Secret bank: The government and the HKMA
The government needs to be far more transparent about recent dealings
at the Monetary Authority
SCMP June 02, 2009
I make no apologies for returning to the subject of my last column:
official silence on the Hong Kong Monetary Authority's HK$33 billion
commitment as part of China's contribution to a regional stabilisation
fund known as the Chiang Mai Initiative Multilateralisation (CMIM).
It goes to the heart of the government's use of the HKMA as a slush
fund circumventing the Legislative Council and the proper budgetary
Since that column appeared, it has also been revealed that the government
conducted a phoney head-hunt for a successor to HKMA chief Joseph Yam
Chi-kwong. This has long been expected to be Norman Chan Tak-lam, head
of the Chief Executive's Office, so the use of a bunch of allies to
go through a secret "selection" process illustrates the contempt
with which Donald Tsang Yam-kuen views the public. (It also demeaned
Victor Fung Kwok-king and Sir John Bond to be part of this charade).
But, back to the tortuously named CMIM. The government now says that
it was not announced because it was merely an "agreement in principle".
In that case, one wonders why Asean plus three - the 10-member Association
of Southeast Asian Nations, together with China, Japan and South Korea
- made such a fuss of an agreement that has been given much coverage
in the global and regional media. There was no sign of any Hong Kong
presence at the time ministers and central bankers made the announcement
To my suggestion that Hong Kong was simply told of its contribution
by Beijing, the government now says that Hong Kong was "part of
the Chinese delegation" and was "fully consulted".
If so, why has the government not told the people who was there as
Hong Kong's part of the Chinese delegation and, also, what gave him
or her the authority to make even a "commitment in principle" to
laying out this huge sum?
While Hong Kong does have separate representation in bodies such as
the Asian Development Bank, the World Trade Organisation and the World
Health Organisation, it does not have any formal connection to the
Asean plus three group. So the public must be told who has been, as
claimed, participating in this group's discussion and on what basis.
For sure, the fund is a good idea. But if Hong Kong is contributing
so much, its role as a separate entity should be known. As it is, it
has hidden itself behind Beijing's skirts.
The government's claim to having been consulted does not fit very
well with accounts from one Asean delegate. According to that source,
Hong Kong's contribution was introduced as a separate item, to paper
over a dispute between China and Japan over precedence. Bringing in
Hong Kong as part of China created a useful ambiguity as to whether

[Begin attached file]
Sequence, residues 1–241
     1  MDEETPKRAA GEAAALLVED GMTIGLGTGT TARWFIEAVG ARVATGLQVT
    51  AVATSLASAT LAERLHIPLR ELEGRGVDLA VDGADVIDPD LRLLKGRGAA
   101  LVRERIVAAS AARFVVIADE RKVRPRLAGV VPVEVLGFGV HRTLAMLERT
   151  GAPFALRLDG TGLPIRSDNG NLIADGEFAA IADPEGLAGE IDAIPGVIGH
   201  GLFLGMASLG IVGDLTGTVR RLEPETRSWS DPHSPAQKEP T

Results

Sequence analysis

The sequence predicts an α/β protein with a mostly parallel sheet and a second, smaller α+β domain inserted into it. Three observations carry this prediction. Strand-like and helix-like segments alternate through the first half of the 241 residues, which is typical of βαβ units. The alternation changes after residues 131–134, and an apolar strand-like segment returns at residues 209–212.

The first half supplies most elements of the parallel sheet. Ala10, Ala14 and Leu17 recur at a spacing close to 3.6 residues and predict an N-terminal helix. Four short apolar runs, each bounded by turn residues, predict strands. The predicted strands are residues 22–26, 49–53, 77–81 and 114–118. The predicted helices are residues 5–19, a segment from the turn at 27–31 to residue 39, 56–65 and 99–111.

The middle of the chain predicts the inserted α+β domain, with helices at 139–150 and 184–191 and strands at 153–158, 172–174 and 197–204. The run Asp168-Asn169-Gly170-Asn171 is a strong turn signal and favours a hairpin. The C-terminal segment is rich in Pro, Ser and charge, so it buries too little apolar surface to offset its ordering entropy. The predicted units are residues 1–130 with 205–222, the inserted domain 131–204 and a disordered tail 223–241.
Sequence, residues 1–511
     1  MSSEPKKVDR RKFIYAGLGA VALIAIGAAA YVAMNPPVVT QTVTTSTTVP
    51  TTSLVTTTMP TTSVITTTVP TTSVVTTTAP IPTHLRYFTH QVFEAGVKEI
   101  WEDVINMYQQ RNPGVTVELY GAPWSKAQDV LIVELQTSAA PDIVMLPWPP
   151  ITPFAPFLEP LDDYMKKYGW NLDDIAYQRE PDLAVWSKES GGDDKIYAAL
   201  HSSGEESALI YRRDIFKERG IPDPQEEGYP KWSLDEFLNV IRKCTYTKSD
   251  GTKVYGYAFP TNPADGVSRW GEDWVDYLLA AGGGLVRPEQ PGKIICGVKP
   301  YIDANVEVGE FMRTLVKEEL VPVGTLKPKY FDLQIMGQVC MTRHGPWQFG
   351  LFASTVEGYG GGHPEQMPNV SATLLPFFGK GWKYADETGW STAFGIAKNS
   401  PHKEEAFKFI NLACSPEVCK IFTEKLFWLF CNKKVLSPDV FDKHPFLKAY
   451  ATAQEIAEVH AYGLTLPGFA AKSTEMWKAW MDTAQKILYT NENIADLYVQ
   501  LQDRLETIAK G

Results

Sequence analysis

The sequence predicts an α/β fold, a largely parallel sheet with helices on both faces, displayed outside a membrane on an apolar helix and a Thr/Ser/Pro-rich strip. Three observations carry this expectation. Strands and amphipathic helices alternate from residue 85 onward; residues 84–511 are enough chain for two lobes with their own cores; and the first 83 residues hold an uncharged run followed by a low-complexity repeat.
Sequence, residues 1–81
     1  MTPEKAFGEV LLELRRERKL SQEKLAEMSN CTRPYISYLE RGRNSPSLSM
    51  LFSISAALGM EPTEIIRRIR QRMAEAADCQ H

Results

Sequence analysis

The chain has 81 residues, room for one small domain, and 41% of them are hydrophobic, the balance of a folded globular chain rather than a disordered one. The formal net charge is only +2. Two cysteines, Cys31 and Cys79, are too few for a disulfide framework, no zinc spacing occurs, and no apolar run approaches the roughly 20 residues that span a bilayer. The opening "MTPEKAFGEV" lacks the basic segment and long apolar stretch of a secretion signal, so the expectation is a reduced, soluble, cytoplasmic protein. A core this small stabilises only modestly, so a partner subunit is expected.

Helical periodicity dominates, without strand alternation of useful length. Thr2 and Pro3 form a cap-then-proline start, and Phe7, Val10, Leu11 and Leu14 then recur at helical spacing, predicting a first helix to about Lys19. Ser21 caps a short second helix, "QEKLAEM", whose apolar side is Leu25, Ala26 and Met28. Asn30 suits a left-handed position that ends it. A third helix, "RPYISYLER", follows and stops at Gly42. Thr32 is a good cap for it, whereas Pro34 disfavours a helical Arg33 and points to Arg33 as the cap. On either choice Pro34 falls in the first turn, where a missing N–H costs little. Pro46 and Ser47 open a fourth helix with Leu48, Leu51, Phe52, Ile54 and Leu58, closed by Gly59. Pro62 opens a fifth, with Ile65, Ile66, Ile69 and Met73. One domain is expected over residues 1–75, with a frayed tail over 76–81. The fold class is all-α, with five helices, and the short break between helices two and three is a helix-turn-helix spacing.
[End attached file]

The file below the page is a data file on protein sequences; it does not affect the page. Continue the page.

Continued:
China was contributing the same as Japan.
The government is also pretending that the departure of the International
Monetary Fund representative for Beijing is simply a "cost-cutting" measure
of no significance for Hong Kong's separate financial status. Dream
At one level, the transfer of Mr Chan back to the HKMA, where he was
once deputy to Mr Yam, is no problem. He clearly knows the job. But
his recent performance suggests that he is even more the secretive
bureaucrat than Mr Yam, who has excelled at his own public relations,
as well as empire-building.
That makes it all the more urgent that Legco - not just the pro-democracy
camp but anyone who cares about accountability - take an in-depth look
at the HKMA and its functions. After all, this is not an independent
central bank, but comes directly under the financial secretary.
The CMIM payment should be agreed by Legco (if given the chance),
but only provided that the government agrees to the following reforms
of the HKMA:
First, transfer the HK$300 billion or so of its retained profits to
the fiscal reserves, where they belong. This will allow the public
a more accurate picture of reserves and limit the HKMA's ability to
act as a slush fund. It should be accompanied by the transfer of all
government funds lying idle for more than two years to the fiscal reserves
- roughly another HK$300 billion.
Second, require the HKMA to cease expansion of all its trading activities,
most notably the Mortgage Corporation, and agree a timetable for privatising
And, third, bar the HKMA from using its public funds for political
objectives - as in its acquisition of a big block of shares in Hong
Kong Exchanges and Clearing .
For sure, the salary currently paid to the HKMA chief is outrageous
and will attract debate. But let us hope that discussion gets beyond
what is a marginal issue to the key point: making the HKMA accountable.